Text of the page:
Pool Kids Makes Perfect Pop-Rock Songs About Living Online

Like most of us, Christine Goodwyne gets mad online from time to time. Unusually, though, the 27-year-old singer and guitarist of the up-and-coming band Pool Kids has channeled that feeling into a few great pop-rock songs. One of those songs is “Talk Too Much,” the anthemic centerpiece of the band’s self-titled second album, which came out last week; on it, Goodwyne manages to make a virtual argument actually sound fun. On a Tuesday night in June, she and her bandmates—guitarist Andy Anaya, drummer Caden Clinton, and bassist **Nicolette Alvarez—**played it during their show at the Bushwick venue Brooklyn Made, and with group cohesion and incredible musical chops, they got a crowd cheering and dancing to a song about online trolls.

We first met as she sat at the merch table afterward, wearing full early-2000s rock star garb and selling the band’s clever T-shirts and hats that she embroidered herself. A few weeks later, Goodwyne called me from the Chicago apartment she shares with Alvarez after finishing her day job in digital marketing. Wearing glasses and with her hair in a bun, Clark Kent to the onstage superhero, she explained exactly what it was about the internet that helped her channel that universal feeling of frustration.

“I go through all of these different emotions, and I just can’t come up with lyrics about them or how to say them without being so on the nose with them,” she said. “When I’m frustrated and pissed off at the way someone’s behaving themselves on Twitter, for some reason it just flows out of me—all the things I want to say to them. And [a song] is such a good way to say it without just tweeting back.”

She professed a love for TikTok and other social media platforms, and it seems like she is adept at integrating real life and online into her storytelling. One song on the album casually weaves a line about the frustration of being on a group chat with 21 people into a larger narrative about a strained relationship. “It can sound sarcastic, but I’m actually being genuine. I’m trying to say, ‘Listen, I do the same shit, and I’m trying to get better,’” she said. “That’s how I feel about a lot of the angry lyrics. I’m mad, but I also don’t hate you.”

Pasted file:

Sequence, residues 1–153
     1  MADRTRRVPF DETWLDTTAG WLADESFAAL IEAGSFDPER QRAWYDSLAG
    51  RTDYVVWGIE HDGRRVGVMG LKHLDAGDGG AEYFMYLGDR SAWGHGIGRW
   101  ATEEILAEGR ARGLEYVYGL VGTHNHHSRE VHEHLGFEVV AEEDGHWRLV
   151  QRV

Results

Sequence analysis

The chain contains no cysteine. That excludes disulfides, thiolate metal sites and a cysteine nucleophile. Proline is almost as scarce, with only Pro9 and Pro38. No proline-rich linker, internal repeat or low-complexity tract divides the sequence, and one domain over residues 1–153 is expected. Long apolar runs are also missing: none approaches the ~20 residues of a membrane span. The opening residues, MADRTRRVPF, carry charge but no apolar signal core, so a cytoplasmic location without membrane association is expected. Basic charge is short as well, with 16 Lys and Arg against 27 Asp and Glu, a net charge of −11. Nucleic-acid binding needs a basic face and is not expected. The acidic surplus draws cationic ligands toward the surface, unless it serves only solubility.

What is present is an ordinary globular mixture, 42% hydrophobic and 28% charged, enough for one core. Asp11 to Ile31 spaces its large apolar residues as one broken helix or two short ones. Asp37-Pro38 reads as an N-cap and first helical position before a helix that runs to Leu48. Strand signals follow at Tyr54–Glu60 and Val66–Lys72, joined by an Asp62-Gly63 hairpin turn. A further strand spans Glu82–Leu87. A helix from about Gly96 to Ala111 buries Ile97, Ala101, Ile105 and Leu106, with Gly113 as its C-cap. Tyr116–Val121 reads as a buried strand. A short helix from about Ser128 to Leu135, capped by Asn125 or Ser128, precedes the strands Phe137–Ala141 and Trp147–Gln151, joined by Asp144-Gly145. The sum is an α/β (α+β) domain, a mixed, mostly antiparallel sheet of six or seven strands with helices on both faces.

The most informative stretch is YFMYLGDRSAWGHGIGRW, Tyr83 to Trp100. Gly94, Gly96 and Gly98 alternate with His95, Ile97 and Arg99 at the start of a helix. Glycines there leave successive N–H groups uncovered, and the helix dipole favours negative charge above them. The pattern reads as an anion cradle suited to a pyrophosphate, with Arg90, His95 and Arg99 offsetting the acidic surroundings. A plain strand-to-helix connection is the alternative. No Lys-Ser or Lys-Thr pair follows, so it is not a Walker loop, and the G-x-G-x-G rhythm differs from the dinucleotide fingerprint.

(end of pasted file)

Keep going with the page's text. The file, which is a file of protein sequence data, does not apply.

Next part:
By Kay Dargen.

So, in true emo tradition, Goodwyne writes wise and nimble lyrics about the things she sees around her, and then, with the help of her own considerable musicianship and her talented bandmates, matches them with rousing guitar licks and crashing percussion. The band started performing in 2017, and in July 2018, it released its debut album, Music to Practice Safe Sex To. It lit a slow fuse across the rock internet that eventually ignited when Hayley Williams of Paramore praised them to her 2 million Instagram followers the following April.

They’ve since acquired more influential boosters, like John Darnielle of the Mountain Goats, who told Stereogum that “they make really lovely music” and invited them to open on several of his tour dates in September. Goodwyne said she was honored even if she didn’t completely understand his choice. But their shared penchant for wordy, searching lyrics and songcraft makes the choice a very logical one.

The band’s jaw-dropping skill as musicians is on display the most when Goodwyne and Anaya trade extremely difficult, shredding guitar solos, standing close together and drawing energy off of each other. Goodwyne explained that while she and Anaya both started playing the guitar when they were young, Anaya has more natural skill than she does. (“It doesn’t take away from the fact that he practices a lot!” she hastened to add.)

Goodwyne picked up the instrument at 10 and taught herself a range of songs and advanced skills on YouTube. “I remember being super young and just seeing, like, a guitarist in a beer commercial ripping a solo and being like, That’s going to be me.” But she didn’t start writing songs or realize exactly how much she loved going onstage until she was in college. She said that the songs that wound up on the band’s debut album were some of the first ones she had ever written.

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